Learning Math: Why a Vision Problem May be Holding You Back
For some students, math is fun. It comes easy to them, and they can readily solve the most difficult problems. For other students, math can be a struggle. Not only do they have problems grasping the concept, they also see little point in learning the skill. Why the division? Despite the conventional wisdom that some kids just don’t “get” math, a vision problem may be the root cause.
Why is it that some kids just seem so good at math?
A post on the blog Gifted Exchange explores this innate mathematical ability some kids seem to have. It refers to an article in the 10/2008 issue in Nature. The article discussed a study on the “Approximate Number System” (ANS), which is an innate counting sense, present in animals, infants and others who have had training in math. “Those who have this acuity wind up doing better on standardized math tests, even controlling for IQ,” the post states.
Gifted Exchange then makes an interesting point. “If there’s anything I’ve learned over the years,” the post continues, “It’s that some point numbers have little to do with it...as my older brother once wrote as a math graduate student at Princeton, ‘Despite what the general public thinks, math isn’t just about being able to multiply numbers in your head quickly, or memorizing thirty digits of pi. We’ve got computers and calculators for that. Mathematics is about finding structures and truths in the world of patterns, and explaining why they’re there.”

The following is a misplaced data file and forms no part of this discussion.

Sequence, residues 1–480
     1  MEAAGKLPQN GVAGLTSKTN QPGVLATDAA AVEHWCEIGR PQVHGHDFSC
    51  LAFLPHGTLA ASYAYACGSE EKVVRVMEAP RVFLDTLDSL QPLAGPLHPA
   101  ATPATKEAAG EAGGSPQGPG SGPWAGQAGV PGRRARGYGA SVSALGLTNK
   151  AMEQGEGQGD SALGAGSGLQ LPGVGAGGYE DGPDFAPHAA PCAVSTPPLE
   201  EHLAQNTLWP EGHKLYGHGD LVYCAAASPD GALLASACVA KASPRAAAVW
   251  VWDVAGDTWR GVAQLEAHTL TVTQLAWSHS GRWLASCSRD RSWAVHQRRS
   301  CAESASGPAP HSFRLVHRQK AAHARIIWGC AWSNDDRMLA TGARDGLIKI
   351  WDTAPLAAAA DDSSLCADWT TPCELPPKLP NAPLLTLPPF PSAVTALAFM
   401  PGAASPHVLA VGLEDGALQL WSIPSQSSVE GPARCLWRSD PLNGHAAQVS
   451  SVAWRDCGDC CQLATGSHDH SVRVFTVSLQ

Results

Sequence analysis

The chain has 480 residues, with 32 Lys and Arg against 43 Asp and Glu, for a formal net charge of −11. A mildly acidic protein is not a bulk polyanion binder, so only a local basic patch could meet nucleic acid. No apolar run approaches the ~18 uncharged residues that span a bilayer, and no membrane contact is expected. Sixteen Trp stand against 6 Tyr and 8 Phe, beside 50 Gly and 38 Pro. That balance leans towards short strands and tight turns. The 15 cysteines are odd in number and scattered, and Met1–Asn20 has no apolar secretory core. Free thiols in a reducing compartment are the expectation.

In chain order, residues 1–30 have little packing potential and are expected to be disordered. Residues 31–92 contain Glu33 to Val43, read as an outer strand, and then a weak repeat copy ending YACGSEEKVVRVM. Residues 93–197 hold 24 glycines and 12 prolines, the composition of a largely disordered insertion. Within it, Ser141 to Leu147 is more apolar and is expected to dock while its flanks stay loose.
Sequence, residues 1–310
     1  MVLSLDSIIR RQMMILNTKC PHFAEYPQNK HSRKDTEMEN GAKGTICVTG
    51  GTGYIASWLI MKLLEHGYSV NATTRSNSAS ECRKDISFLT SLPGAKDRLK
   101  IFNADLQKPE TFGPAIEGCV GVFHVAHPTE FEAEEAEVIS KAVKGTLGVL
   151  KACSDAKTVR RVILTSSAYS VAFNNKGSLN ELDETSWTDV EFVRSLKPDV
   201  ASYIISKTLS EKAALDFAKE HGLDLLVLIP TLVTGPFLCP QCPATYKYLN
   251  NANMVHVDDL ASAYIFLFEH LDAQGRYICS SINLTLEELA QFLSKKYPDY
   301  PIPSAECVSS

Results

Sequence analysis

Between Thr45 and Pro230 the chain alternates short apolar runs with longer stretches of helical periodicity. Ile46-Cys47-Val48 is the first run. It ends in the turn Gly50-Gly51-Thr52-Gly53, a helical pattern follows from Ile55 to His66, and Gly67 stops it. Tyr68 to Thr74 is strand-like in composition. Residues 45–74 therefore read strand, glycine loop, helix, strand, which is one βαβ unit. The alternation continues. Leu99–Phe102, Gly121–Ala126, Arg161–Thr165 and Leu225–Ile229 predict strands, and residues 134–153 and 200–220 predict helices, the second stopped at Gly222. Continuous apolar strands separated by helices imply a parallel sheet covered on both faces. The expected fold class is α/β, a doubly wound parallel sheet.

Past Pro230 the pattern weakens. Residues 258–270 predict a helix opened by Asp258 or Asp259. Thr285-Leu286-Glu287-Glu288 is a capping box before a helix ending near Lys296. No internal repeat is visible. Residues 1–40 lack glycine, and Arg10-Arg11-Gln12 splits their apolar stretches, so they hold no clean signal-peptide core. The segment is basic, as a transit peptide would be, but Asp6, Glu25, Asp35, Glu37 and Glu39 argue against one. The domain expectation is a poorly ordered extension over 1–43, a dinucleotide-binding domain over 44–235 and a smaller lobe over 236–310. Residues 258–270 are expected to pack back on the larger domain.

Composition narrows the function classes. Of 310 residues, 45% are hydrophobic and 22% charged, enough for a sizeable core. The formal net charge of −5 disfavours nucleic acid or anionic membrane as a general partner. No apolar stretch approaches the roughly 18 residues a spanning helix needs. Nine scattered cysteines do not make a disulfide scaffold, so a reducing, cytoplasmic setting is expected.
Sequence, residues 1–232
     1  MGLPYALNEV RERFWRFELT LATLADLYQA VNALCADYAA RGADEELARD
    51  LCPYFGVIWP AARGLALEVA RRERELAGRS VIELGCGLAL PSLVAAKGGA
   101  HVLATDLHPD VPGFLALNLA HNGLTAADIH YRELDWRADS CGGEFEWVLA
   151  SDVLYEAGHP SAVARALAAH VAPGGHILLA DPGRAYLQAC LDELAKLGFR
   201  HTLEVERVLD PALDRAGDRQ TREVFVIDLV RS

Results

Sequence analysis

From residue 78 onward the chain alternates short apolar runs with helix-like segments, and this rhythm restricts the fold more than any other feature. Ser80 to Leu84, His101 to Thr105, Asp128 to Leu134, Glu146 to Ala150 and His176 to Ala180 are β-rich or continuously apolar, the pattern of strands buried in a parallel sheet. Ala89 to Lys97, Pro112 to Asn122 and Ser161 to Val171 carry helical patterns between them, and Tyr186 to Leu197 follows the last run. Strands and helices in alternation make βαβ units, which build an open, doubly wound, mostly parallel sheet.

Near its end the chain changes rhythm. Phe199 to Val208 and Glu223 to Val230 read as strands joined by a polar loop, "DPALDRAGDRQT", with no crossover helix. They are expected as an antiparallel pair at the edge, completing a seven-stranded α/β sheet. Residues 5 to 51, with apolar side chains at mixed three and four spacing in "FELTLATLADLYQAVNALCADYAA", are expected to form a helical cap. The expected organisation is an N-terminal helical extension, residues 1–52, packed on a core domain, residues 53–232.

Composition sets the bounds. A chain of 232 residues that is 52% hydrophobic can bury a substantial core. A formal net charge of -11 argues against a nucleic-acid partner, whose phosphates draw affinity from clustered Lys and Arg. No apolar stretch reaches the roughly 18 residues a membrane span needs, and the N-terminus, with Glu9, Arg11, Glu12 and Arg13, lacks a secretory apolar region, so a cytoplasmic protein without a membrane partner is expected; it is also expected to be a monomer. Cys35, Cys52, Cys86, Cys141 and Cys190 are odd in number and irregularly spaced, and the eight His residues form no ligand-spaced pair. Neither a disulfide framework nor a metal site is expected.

The author concurs with his brother. “Ultimately, it’s not the quick counting that will help them – it’s the ability to see patterns and draw inferences.
Vision holds the key
The ability to see patterns and draw inferences is heavily dependent upon our visual sense. Of all six senses, vision is the most important for understanding how to measure space and time.
As we’ve seen time and time again, children who fail to comprehend spatial concepts often do poorly in math. More importantly, if a child doesn’t understand spatial concepts relevant to their age and learning ability, they’ll find future instruction in math increasingly difficult and irrelevant.
What do we mean by “spatial concepts?” This refers to a child’s ability to understand space. For example, how well does the child understand the difference between 3 items, 22 items or 100? Do they really get it that you need a lot more room to put 100 items compared to 20? A bit higher level example: Ask your child which is bigger--the space between the number 3 and 4 or the space between 53 and 54? Many children who have difficulty with basic math will think that the space between 53 and 54 is definitely bigger.
Not understanding that each number is one equal unit makes it difficult to understand and use math operations (adding, subtracting, multiplying and dividing). Students need to be able to automatically:
- Visualize the space that different numbers represent when compared to each other
- Know where numbers are in relation to each other
Finding “structures and patterns” in numbers is difficult without being able to visualize these types of spatial concepts. Good visual functioning, including good depth perception, makes understanding spatial concepts much easier. As a result, math becomes more meaningful and errors decrease.
(Photo by ddluong_)
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The Vision Therapy Center has helped over 2,000 people overcome vision problems since 1995, and has Wisconsin vision therapy offices in Brookfield and Madison.